There's a much easier way if all you want to do is figure out when GC is running, it won't tell you exactly when it starts, nor at all when it ends, but if you can see the output from this method I'll describe here when you notice the pauses on your servers, you should be able to figure out if GC is your problem.
Basically, what you do is create a class with a finalizer, construct an object of that class and just drop the reference (ie. don't store it). The object will then be left until GC hits it, where it will be finalized.
The trick now is in the finalizer you log (in whatever way you want to use) that the finalizer has run, and unless the appdomain is in the process of shutting down, you simply construct a new object which you promptly drop the reference to, ready for the next GC.
This works surprisingly well and doesn't need much work from your part.
Here's the class I use:
/// This class is used to get a running log of the number of garbage collections that occur,
/// when running with logging.
public sealed class GCLog
#region Construction & Destruction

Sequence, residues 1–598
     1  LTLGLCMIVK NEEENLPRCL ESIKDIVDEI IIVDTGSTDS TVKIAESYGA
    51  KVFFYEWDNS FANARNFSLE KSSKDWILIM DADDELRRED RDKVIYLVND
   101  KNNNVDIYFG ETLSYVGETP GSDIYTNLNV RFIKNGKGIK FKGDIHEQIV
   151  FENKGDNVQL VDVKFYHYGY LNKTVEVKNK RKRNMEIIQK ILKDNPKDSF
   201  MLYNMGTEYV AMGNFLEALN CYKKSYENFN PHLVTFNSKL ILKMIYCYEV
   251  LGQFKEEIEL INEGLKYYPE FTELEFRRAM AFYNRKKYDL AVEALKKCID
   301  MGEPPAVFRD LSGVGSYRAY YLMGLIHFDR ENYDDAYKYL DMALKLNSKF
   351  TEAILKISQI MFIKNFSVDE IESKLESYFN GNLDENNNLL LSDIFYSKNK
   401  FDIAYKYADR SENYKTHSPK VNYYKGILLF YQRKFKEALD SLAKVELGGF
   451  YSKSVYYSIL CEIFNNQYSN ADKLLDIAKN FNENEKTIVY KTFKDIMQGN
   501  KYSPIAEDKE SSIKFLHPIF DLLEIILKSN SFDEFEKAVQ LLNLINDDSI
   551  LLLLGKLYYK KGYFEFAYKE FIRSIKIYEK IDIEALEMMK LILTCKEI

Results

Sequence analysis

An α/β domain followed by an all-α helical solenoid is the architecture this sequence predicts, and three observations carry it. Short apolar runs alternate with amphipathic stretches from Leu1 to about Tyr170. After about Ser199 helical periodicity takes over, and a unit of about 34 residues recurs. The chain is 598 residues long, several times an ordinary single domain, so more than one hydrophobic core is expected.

/// Releases unmanaged resources and performs other cleanup operations before the
/// <see cref="GCLog"/> is reclaimed by garbage collection.
if (!AppDomain.CurrentDomain.IsFinalizingForUnload() && !Environment.HasShutdownStarted)
#region Public Static Methods
/// Registers this instance.
public static void Register()
All you have to do is call the
.Register() method. Note here that I use SmartInspect as my logging tool so you want to replace the calls involving
SiAuto with something else.
In another project, also using SmartInspect, which has the notion of 'watches', where you can send numeric values, and graph them in the logging tool, I sent the values 0, 1, and then 0 in rapid succession, as this would give me a graph that held at 0 at all times, but produced a sharp spike whenever there was a GC running. Couple this with a background thread that monitored CPU usage and memory used gave me very good data to work with.